Jon 10:20
That is a great question. We are certainly hitting the ground running with our enrollment process. We are seeking to enroll 500 people across the DMV. We have enrolled approximately 110 so far as of today, we are really ramping up that effort. We have a lot of different community partnerships that we’re developing specifically for this study. And so we’re hoping that sometime over the summer, we will complete our enrollment of those 500 people. And we’ll be getting hard to work at looking at the data and releasing information both for scientific publications, but also back to our communities.

Kim 10:57
Excellent. That’s great. And we hope you will come back to talk about the results on the show. Dwight, I want to ask you, I want to start with you. And then Jon, if you’d like to add in, please feel free. But Dwight, why is there a need to focus specifically on cancer screening access for people of color, for marginalized communities, and for members of the LGBTQ community?

Dwight 11:17
Yeah we recently opened our Max Robinson center in Ward Eight. And there was a Washington Post article that recently came out that basically spoke to the fact that Ward Eight has a shorter life expectancy than some of the other more fluent and predominantly white neighborhoods, which has historically been the case. And it’s completely unacceptable. And when you talk about issues like HIV, like cancer screening, like cancer in general, there’s continues to be disparities and communities like LGBTQ plus communities and predominantly Black communities that have been disproportionately impacted by these epidemics. And I think Whitman Walker continues to be a place where our advocacy and our push, continue, we continue to have firmer stances on providing resources and pushing back and providing, continued to be accommodating for these folks that have been overlooked in many ways in the healthcare system.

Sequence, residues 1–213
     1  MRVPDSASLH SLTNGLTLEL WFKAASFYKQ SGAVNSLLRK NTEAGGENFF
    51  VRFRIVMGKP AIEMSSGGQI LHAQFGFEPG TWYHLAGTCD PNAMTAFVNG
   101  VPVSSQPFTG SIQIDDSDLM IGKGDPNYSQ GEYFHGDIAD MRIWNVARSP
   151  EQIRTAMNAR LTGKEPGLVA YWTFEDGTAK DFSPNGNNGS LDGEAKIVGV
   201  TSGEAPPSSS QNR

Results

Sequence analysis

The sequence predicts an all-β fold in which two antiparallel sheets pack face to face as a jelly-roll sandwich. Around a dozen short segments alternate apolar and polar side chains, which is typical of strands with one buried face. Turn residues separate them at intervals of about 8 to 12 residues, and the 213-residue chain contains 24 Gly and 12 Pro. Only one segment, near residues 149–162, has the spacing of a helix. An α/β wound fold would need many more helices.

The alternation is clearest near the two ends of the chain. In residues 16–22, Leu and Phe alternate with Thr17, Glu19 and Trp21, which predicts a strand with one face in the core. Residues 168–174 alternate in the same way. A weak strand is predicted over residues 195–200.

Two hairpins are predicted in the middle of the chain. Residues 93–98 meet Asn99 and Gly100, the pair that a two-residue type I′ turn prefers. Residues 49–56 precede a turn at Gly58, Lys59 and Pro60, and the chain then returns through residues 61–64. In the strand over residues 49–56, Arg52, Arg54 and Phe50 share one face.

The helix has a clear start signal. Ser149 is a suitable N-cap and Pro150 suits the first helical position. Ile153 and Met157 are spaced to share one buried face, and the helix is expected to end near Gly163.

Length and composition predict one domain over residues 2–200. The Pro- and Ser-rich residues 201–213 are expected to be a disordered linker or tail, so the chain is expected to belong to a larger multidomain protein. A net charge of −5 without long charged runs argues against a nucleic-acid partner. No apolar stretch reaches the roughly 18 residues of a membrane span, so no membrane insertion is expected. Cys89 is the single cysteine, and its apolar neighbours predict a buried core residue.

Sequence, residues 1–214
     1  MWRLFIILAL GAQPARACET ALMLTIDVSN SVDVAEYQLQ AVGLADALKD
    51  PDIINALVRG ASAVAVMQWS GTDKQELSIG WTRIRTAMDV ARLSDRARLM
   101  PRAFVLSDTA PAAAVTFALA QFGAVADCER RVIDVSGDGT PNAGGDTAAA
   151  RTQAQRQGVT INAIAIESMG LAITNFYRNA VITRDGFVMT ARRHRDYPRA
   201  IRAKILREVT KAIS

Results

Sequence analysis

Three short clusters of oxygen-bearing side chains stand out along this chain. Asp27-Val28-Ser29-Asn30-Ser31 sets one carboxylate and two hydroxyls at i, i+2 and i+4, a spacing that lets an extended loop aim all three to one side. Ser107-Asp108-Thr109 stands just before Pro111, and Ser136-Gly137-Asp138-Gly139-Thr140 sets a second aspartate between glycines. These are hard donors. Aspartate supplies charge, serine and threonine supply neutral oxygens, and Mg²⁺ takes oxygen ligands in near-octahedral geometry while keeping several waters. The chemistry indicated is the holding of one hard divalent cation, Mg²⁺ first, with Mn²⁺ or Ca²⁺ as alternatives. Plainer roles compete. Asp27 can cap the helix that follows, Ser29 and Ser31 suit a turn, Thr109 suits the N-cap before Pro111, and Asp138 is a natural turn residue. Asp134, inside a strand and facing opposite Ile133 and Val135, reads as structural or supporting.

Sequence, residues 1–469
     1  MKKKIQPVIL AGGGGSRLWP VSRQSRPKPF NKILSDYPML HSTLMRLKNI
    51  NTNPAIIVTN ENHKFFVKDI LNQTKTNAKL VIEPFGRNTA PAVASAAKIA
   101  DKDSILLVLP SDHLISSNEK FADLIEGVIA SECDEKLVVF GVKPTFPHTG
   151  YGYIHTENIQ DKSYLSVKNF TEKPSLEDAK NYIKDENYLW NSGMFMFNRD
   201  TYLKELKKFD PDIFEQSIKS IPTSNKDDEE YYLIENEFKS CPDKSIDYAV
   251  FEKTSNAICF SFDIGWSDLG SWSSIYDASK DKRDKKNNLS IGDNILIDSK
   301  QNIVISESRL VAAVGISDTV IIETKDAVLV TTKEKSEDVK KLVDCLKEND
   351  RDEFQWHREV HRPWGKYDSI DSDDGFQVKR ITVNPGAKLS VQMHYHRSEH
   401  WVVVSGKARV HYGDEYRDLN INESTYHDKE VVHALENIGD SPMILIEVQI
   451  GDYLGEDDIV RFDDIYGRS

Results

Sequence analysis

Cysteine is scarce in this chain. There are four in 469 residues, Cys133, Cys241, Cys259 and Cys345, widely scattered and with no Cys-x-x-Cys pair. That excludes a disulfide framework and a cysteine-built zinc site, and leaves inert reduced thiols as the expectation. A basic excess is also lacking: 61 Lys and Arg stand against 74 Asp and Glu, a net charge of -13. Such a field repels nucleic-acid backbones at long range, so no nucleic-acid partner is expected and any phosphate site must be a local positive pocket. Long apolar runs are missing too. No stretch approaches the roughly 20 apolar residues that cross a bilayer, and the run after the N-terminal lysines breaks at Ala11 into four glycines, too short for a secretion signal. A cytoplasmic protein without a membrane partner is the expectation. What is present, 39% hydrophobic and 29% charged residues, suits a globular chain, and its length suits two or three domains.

Kim 12:24